Houston city councilman and KPRC talk show host, Michael Berry, has been the talk of the blogosphere and message boards lately. He was nice enough to sit down with me Tuesday afternoon at City Hall to discuss his political career and new role as Operations Manager at Clear Channel Houston. Plus, Berry reveals the blogs he reads.
Mike McGuff: All right, first of all how do you feel right now? Obviously, one chapter is kind of coming to a close and a whole new one is opening up for you.
Michael Berry: Well, change is exciting. It's a new opportunity. The AM stations for Clear Channel in Houston have a brand that's pretty strong - KPRC is over 80 years old and KTRH, the premier news station in the state will be turning 78. This morning we were just planning a party in the fall for the 78th birthday. KBME is a historical signal that was flipped over to sports a few years ago and there is the fun and excitement of building that into hopefully the premier sports station.
I feel like I am getting paid to play baseball. It's fun.
McGuff: I'm sure a lot of people wonder, "Why leave politics?" I think a lot of people figured maybe that one day you would run for mayor.
Berry: Mayor of the city of Houston is a dream job. But we have a good mayor now, and he is doing a good job. This was an opportunity that presented itself. I get to use my skill set, and I get to work with a company that is looking for a lot of change. That's very exciting. I see myself as a reformer, changer type.
I still think there is a huge upside to radio as you get more into the web-based programming and as you get into some of the different media. So for me it is a great opportunity. It's an opportunity to reach out and develop media partnerships that have never existed. That's one of my primary missions, because I think some of the best talent in the city of Houston is in print and television as well. For too long we have ignored that.
McGuff: Are you going to miss politics, though? It's a big part of your life, obviously.
Berry: It will have been six years coming up soon, and then I spent two years running, so that's eight years. I will miss the public policy. I won't miss the politics. The politics is a brutal contact sport, and it takes a toll on you. I am fortunate to have a supportive wife. I was fortunate to have friends. But you take some knocks. Everybody should pay their dues, and then move on.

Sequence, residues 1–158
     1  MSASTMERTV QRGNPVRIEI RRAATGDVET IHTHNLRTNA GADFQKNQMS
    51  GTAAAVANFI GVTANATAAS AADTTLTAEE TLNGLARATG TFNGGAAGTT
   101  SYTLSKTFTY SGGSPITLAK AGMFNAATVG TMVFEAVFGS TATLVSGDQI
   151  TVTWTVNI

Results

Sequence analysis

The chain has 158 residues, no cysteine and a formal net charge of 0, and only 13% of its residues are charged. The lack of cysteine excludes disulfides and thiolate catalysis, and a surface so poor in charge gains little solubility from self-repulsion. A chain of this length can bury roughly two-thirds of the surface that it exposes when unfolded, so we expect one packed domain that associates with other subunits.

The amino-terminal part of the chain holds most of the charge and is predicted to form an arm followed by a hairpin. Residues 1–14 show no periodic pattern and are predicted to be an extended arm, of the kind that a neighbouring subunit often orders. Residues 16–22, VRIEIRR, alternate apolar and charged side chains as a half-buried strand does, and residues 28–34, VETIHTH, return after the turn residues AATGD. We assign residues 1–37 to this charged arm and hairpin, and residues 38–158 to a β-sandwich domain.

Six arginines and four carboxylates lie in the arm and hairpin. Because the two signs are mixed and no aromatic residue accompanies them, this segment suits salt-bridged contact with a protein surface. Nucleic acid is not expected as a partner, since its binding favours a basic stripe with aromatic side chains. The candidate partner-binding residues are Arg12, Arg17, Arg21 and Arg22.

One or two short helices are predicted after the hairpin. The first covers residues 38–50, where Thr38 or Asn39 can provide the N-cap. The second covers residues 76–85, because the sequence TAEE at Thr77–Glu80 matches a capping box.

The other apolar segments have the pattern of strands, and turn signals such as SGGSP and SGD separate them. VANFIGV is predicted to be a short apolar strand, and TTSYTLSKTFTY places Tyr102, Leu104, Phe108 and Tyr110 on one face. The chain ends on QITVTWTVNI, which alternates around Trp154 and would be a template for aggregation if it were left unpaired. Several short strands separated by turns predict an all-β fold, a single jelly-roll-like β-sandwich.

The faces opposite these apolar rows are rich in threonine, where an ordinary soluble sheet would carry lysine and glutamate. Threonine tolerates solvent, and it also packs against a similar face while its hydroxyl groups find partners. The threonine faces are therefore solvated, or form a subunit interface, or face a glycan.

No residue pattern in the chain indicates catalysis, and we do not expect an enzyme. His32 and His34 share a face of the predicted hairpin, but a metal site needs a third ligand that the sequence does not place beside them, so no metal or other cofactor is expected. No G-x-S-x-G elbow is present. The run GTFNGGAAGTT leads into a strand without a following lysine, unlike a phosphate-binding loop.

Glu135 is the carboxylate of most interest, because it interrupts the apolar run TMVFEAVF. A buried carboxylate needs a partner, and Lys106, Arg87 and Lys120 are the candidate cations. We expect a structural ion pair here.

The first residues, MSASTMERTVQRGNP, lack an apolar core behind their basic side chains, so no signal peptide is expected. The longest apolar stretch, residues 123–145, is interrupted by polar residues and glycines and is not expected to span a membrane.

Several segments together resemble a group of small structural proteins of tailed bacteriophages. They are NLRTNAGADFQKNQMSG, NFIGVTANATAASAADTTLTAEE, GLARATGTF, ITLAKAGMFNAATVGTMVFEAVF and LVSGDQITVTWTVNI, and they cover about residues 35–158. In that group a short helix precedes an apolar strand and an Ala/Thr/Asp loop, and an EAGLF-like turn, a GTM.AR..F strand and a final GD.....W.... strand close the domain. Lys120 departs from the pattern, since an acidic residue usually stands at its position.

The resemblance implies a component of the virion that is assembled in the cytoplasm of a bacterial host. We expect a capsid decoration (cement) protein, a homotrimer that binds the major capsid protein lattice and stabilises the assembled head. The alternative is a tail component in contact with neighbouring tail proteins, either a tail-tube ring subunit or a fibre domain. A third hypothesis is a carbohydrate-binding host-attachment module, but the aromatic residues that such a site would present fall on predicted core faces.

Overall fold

McGuff: What do you think your biggest achievements were in the political realm?
Berry: I am very proud of the Safe Clear Program, not only because as a policy issue it is something I got out ahead of and worked to get accomplished. It passed and it was implemented. And it has been successful, statistically. But because the public did not originally embrace it, and the easy thing to do would have been to abandon it, we stuck in there because we knew that what we were doing was the right thing. We worked through our problems, and we solved some problems.
I'm very proud of a number of little things from improving city employee morale. Those are little things that you don't see but here are a lot of initiatives that we have undertaken. I can't tell you how many potholes we have gotten filled or street humps installed or stop signs installed or lights that were not functioning to function, those sorts of things. Those are lot of fun.
By way of major initiatives, those generally emanate from the Mayor's office. As a Councilman, your bread and butter is little issues and how well you do them. The lucky thing for me is that I have had a team of dedicated people who show up early and stay late and work weekends and they deserve all the glory. I get all the glory. They deserve it.
McGuff: What about radio? I think it surprised a lot of people when you first started showing up and guesting on the Clear Channel stations. How did that start? Has radio been something you’ve always been interested in?